The people of Loiza have been depleted from their energy to fight. Poorly fed and poorly educated, youngsters endure a higher level of education discrimination than schools in other districts in the Island. Loíza is the only municipality in Puerto Rico that has no access to main roads. Like blacks elsewhere, loiceños have to get to their homes using the roads of other municipalities, in this case Río Grande and Canóvanas.
For those that come to visit the Island longing for a crime tale to tell when they get back home, there is no need to visit Haiti. Your U.S. passport covers Loíza. Alongside with tall tales of crime, Loíza has much to offer. Puerto Rican culture is not an easy kill.
Nevertheless Loíza still thrives in culture and talent, being black amounts to infinite resilience.
Her Story Lives On Everywhere yet repressed in Loíza
Adolfina Villanueva's feat is valued now more than ever
On Saturday, February 6 of this year, the Centro Tecnológico of Villa Cañona, vulnerable sector of many in Loiza, sets the tone for a day to discuss and share with others Adolfina's ultimate sacrifice: dying to defend her land. Activist Tati Fridman and Marta Villanueva, Adolfina's younger sister will be among the speakers, as well as Prof. Daniel Nina, renowned author and an African culture avid enthusiast and supporter.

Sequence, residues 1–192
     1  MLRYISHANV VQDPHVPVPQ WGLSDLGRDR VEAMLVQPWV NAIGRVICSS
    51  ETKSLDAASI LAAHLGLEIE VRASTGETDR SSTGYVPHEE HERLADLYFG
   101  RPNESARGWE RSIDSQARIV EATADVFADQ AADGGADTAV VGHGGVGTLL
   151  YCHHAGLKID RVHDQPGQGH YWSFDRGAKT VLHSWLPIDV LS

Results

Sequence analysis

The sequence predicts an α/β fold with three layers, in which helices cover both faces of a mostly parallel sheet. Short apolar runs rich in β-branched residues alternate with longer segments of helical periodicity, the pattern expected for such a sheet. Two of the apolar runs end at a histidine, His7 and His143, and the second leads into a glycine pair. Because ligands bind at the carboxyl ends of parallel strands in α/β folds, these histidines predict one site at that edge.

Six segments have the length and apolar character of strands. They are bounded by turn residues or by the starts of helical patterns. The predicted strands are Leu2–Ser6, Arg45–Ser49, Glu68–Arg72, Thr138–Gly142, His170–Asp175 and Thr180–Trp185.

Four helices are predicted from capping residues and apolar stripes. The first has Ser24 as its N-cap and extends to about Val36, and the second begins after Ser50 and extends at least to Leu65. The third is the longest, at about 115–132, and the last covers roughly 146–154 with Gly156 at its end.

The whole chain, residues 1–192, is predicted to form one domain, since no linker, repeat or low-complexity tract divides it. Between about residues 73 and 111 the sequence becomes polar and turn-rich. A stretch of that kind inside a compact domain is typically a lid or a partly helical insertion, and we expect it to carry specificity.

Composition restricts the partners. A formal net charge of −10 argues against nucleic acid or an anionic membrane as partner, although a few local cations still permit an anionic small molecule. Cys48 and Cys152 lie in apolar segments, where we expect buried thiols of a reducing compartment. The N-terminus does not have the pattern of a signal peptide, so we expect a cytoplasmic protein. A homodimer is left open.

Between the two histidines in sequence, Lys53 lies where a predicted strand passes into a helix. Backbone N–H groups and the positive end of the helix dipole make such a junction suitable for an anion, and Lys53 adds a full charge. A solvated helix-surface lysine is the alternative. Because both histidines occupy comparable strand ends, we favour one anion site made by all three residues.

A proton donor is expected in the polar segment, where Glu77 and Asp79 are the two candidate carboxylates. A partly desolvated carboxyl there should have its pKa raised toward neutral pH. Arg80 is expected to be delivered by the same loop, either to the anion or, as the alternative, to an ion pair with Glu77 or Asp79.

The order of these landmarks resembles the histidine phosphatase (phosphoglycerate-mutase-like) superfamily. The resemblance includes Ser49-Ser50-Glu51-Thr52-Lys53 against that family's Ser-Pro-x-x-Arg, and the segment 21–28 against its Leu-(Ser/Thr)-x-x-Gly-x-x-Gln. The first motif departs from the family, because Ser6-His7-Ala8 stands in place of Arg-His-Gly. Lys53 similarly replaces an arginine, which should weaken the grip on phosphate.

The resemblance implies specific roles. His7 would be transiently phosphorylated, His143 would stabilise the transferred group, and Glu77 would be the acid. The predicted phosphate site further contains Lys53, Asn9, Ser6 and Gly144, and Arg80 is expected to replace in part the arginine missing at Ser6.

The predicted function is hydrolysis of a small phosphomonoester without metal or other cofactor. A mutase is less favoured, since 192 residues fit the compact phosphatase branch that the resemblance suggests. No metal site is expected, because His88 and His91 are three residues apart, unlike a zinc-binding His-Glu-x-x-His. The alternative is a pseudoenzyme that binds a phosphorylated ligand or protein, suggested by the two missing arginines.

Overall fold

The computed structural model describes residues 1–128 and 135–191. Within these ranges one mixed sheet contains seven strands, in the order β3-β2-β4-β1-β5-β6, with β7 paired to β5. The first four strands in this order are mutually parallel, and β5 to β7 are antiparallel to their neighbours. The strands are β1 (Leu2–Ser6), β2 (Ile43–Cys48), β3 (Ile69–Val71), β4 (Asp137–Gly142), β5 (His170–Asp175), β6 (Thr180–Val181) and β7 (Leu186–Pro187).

The system was rigged against Adolfina. Her struggle is the struggle of the poor. One of her biggest accomplishments was autosustentability. This might be the greatest lesson ever to be learned from any leader and human rights advocate. The event will start at 10:30am and will end at 2:30pm
Driving directions: Coming from Old San Juan, take PR-187 (or Arturo Alfonso Schomburg road) all the way, even passing the bridge, keep straight after the second traffic light, into the community, then make a right at the first chance. You will find the place at the end to your right. Adolfina memory lives on.